This sort of explanation is often used to condemn digital blackface. In sharing or making a given meme, nonblack people are “pretending to be black.” But this is, at least in the case of memes (as opposed to, say, kente), dangerous. What this argument seems to suggest is that certain people behave a certain way – talk loudly, or move a certain way – because of some intrinsic fact about them, some “essence” they have. But as many, many black theorists have argued, this claim gets dangerously close to the clearly racist belief that certain human beings act a certain way just because of “who they really are”.
This point is beautifully made by the following extended passage from bell hooks’ Art on My Mind:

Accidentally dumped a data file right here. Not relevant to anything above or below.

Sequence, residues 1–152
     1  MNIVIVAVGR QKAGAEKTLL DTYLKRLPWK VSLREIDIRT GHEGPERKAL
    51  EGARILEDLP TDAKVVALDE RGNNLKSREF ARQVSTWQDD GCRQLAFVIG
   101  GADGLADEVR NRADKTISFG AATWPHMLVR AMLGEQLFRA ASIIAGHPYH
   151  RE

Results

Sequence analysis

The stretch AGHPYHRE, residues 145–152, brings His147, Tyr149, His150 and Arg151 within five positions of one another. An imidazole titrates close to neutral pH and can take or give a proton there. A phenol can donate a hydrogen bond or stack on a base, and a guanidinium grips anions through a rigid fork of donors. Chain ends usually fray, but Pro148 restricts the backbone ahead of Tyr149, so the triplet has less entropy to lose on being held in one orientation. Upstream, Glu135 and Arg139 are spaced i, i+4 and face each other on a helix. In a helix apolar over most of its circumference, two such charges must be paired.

Black people comprise half the population of the small midwestern town that I have lived in for the past six years, even though the neighborhood where my house is remains predominantly white. Cooking in my kitchen one recent afternoon, I was captivated by the lovely vernacular sounds of black schoolchildren walking by. When I went to the window to watch them, I saw no black children, only white children. They were not children from a materially-privileged background. They attend a public school in which black children constitute a majority. The mannerisms, the style, even the voices of these white children had come to resemble their black peers – not through any chic acts of cultural appropriation, not through any willed desire to ‘eat the other’. They were just there in the same space sharing life – becoming together, forming themselves in relation to one another, to what seemed most real. This is just one of the many everyday encounters with cultural difference, with racial identity, that remind me of how constructed this all can be, that there is really nothing inherent or ‘essential’ that allows us to claim in an absolute way any heritage.